‘Northanger Abbey’ a gemlike new musical on innocence, experience
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Broadway spends millions of dollars on the creation of a single new musical that cycles through endless workshops, out-of-town tryouts and massive publicity campaigns. And then, with not a hint of hype, and a budget probably equal to the cost of five Broadway costumes, along comes Lifeline Theatre (the modest, widely admired company that for 33 seasons has devoted itself to literary adaptations and new work), with the world premiere of “Northanger Abbey.”
When: Through Aug.13
Where: Lifeline Theatre, 6912 N. Glenwood
Run time: 2 hours and 15 minutes, with one intermission
A sparkling jewel of a musical, inspired by the Jane Austen novel of the same name, it is driven by a ravishing score full of beautiful melodies and the most sophisticated lyrics (the work of George Howe); a meticulously structured book (by Robert Kauzlaric); an ideally talented and notably diverse cast under the flawless direction of Elise Kauzlaric; and superb musicians led by music director Ellen K. Morris. Marked by an abundance of intelligence, emotion, wit and style, it is perfection — a glorious look at the power of art and the complexity of love, at the tension between fantasy and reality, and at the painful transition from innocence to experience.
“Northanger Abbey” is Austen’s earliest novel, and less widely known than “Pride and Prejudice” and “Sense and Sensibility,” but it deals with her abiding obsessions — the search for love and a proper mate, and the pressures and constrictions of social class in 18th century England. It also winningly explores the role novels played in people’s lives at a time when the form itself was taking shape. And it suggests the powerful (even subversive) effect such storytelling had on the imaginations of young women who were curious and hungry for romance and adventure, but had little access to genuine experience.
To be sure, Catherine Morland (a star turn by Stephanie Stockstill, an actress whose luminous charm and grace is complemented by a lovely soprano), lives vicariously through novels, and is particularly obsessed with the popular gothic fiction of the time. One of 10 siblings in a modest family, it is her entry into “society,” by way of Mrs. Allen (Jenifer Tyler, very funny as a starchy, elderly mentor), provides her with a different sort of awakening. On a first-time trip from the countryside to the social whirl of Bath, she bonds with the flirty, impulsive, superficially worldly Isabella Thorpe (Lydia Hiller, ideal as the material girl), who seems to be headed for marriage with Catherine’s beloved brother, James (Chris Ballou, who deftly suggest a fellow who wears his heart on his sleeve). Catherine also meets the dashing, art-loving Henry Tilney (Javier Ferreira), to whom she is instantly attracted, and with whom she shares her passion for novels. Tilney’s family home also just happens to be Northanger Abbey, a gothic convent that is the stuff of her dreams.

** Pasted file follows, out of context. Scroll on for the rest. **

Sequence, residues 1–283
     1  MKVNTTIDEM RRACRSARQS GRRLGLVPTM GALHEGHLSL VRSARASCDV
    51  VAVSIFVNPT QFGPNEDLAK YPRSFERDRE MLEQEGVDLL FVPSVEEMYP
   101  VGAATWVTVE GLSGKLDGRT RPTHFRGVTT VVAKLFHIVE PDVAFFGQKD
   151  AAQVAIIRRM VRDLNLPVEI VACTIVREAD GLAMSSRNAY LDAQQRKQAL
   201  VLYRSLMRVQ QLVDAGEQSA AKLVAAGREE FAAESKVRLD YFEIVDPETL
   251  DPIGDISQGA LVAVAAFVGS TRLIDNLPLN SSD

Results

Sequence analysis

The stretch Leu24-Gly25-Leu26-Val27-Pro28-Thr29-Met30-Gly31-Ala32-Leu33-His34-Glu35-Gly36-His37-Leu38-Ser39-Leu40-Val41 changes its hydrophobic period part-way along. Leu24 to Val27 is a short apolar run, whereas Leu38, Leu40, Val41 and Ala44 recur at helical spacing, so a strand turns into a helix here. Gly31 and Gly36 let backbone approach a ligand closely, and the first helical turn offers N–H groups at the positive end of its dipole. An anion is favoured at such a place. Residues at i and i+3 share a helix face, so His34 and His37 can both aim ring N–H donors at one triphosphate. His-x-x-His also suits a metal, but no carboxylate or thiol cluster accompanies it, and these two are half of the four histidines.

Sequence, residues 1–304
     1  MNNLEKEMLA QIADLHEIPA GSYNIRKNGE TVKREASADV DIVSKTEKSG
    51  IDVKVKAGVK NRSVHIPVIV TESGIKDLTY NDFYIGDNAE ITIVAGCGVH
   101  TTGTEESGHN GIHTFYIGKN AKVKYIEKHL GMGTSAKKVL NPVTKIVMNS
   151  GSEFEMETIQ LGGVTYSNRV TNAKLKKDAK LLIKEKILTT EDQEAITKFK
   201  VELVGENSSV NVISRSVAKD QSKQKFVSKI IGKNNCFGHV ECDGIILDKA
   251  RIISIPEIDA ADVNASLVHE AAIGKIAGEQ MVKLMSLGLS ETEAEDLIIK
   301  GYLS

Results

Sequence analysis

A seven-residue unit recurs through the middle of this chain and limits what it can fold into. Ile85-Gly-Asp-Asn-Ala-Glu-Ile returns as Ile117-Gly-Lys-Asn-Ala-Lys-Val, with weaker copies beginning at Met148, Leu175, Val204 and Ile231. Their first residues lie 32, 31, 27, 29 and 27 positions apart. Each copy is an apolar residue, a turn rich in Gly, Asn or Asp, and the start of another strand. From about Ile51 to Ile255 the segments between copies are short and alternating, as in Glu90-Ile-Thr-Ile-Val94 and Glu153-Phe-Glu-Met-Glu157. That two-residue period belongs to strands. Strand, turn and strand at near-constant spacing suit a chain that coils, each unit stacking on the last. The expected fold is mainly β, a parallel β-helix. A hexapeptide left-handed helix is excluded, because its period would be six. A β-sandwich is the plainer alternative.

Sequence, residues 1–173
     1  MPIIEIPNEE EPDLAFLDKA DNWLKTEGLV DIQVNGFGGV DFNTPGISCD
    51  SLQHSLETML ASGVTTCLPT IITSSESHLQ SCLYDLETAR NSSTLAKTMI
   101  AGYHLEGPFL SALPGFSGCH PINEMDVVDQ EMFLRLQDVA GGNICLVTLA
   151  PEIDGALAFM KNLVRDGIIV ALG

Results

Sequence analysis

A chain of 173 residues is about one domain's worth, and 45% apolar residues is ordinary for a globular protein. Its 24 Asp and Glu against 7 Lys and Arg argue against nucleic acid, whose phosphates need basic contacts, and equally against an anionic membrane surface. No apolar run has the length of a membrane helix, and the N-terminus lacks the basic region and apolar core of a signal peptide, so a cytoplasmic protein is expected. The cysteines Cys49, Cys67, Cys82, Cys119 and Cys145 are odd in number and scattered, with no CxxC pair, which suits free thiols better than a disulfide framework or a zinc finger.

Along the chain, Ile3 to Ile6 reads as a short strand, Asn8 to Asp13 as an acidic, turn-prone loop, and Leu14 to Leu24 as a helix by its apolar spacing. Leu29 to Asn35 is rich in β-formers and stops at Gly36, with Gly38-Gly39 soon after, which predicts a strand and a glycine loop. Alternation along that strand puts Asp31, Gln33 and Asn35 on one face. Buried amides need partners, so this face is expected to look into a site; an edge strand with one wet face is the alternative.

Of course a great deal must happen before the couple is united, and it involves the efforts of the smug, laughably self-satisfied John Thorpe (a wonderfully comic turn by Andres Enriquez) to woo Catherine, as well as the complex dynamics of the Tilney family, which includes Henry’s lonely, lovelorn sister, Eleanor (a poignant turn by Shelby Lynn Bias); her other exceptionally polished but nasty brother, Frederick (the handsome, authoritative Denzel Tsopnang), and the siblings’ tyrannical father, General Tilney (the impeccable Peter Greenberg, who can capture a character in the delivery of a single line).
Composer-lyricist Howe has spent most of his career writing children’s musicals, but “Northanger Abbey” showcases a lyricist with the breadth and depth of Stephen Sondheim, a rapturous way with melody, and a gift for penning songs that ideally match the characters who sing them. Each of the show’s nearly 20 songs is a jewel — from the playful “Horrid Little Novel” for Catherine and Isabella, to the gorgeous, soul-bonding “Profoundly Human” sung by Catherine and Henry, to the achingly lovely “The Symmetry of Flowers,” for Eleanor and Catherine. And Catherine’s music-driven carriage rides with each of her suitors (tellingly staged by Kauzlaric) are priceless.
With theaters nationwide on a perpetual hunt for new musicals, “Northanger Abbey” should enjoy a rich extended life. Producers would be well-advised to come to Lifeline to see exactly how the show should be done.